One in five UK organizations that paid-up during a ransomware attack over the past two years didn’t get their data back, according to the latest research from Trend Micro.
The security giant polled over 300 IT decision makers in large organizations to better understand levels of awareness and the impact of such threats.
Its findings add further weight to the argument that organizations shouldn’t pay the ransom, although two thirds (65%) of respondents said they did.
Nearly half (44%) of those surveyed said they’d been infected at least once over the past 24 months, with 27% having been hit more than once.
Those that had been hit claimed the infection affected a third of their employees and a similar percentage (31%) of customers – highlighting the potentially major impact of ransomware on organizations.
On the positive side, the vast majority of those hit by an attack (81%) claimed to have contacted the police, although law enforcement could only help them in half of these cases.
That stat drives home the message that IT security teams must take more effective preventative measures.
Trend Micro cybersecurity consultant, Bharat Mistry, told Infosecurity that while there’s no silver bullet, a focus in the first instance on “people and processes” will help, rather than going for whizz-bang technology solutions.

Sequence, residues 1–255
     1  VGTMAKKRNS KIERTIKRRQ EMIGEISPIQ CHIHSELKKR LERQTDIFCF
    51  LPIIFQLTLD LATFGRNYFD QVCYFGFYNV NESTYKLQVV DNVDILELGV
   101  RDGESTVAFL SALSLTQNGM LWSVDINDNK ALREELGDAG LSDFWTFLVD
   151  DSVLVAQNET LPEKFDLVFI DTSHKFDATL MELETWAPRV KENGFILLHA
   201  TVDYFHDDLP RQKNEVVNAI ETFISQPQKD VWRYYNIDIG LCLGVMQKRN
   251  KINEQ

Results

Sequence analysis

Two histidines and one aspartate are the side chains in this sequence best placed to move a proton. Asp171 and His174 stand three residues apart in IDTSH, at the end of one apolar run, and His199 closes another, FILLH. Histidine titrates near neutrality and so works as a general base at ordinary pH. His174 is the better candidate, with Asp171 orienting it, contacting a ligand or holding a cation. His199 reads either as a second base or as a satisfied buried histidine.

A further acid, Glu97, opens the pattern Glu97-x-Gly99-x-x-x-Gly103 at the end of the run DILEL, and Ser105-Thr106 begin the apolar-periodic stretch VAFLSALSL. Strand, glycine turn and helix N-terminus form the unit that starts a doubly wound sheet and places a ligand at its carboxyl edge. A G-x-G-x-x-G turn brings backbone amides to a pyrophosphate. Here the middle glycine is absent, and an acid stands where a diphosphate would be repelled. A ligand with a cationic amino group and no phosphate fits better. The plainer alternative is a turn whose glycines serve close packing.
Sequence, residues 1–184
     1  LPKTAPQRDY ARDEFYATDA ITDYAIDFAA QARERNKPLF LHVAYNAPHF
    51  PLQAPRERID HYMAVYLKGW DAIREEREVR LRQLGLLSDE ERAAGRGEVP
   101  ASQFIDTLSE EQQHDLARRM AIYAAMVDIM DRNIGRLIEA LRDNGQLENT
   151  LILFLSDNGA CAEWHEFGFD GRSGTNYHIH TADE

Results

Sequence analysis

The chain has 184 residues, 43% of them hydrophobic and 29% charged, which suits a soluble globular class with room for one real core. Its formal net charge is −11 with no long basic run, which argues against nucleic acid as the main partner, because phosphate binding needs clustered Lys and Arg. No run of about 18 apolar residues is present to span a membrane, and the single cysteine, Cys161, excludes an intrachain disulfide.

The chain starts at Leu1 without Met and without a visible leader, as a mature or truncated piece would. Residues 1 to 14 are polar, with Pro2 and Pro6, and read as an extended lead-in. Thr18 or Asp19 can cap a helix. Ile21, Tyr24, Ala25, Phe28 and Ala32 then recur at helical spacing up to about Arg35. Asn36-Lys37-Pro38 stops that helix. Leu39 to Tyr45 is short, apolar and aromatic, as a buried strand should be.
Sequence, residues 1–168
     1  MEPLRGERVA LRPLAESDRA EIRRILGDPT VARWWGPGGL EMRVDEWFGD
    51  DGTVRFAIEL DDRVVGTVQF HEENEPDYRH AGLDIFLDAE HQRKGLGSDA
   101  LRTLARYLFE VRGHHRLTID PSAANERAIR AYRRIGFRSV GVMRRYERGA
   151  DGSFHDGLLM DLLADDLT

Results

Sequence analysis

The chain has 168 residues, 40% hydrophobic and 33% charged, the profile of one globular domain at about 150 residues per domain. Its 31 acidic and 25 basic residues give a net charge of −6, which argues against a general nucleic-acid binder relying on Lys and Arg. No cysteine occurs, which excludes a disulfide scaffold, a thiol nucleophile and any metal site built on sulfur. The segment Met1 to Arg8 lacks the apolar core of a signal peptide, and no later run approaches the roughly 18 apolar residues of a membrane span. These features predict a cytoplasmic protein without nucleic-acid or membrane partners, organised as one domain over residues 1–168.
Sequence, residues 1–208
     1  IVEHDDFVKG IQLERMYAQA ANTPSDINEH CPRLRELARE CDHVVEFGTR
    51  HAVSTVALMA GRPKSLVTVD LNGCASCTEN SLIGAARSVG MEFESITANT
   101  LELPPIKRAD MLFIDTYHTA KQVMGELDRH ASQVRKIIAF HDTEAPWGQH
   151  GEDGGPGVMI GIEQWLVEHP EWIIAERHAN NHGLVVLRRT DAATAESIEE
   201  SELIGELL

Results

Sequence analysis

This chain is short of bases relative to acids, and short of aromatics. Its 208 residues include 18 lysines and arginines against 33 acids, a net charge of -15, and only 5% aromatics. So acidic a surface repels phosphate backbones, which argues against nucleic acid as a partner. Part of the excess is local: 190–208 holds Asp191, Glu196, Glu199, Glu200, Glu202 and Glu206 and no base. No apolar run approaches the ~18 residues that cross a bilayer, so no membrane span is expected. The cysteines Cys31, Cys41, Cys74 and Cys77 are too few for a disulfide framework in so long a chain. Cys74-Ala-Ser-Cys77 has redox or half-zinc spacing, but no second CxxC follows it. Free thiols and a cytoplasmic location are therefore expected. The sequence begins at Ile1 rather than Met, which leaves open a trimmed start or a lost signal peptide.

“By far the biggest weakness in any organisation are the employees, but they can also act as the first line of defence – by training users in safe online practices and making them aware of the consequences of opening suspicious attachments or click on links in unsolicited mail,” he argued.
“User education is an ongoing piece, it’s not something that you do once and forget about. It needs to be annual, with regular top-up training throughout the year and random testing as well.”
Mistry added that backing-up is essential, along the 3-2-1 rule, where three copies are made, in two different formats and with one copy offsite/offline.
“Having controls from the perimeter all to the way to the endpoint that work in a collaborative manner will certainly help in preventing that vast majority of attacks and in the cases of a targeted or zero-day based attack it will speed up the ability to detect and respond,” he concluded.
“In addition, having a segregated network can minimize the extent of an attack by localizing and containing any infection, should the worst happen.”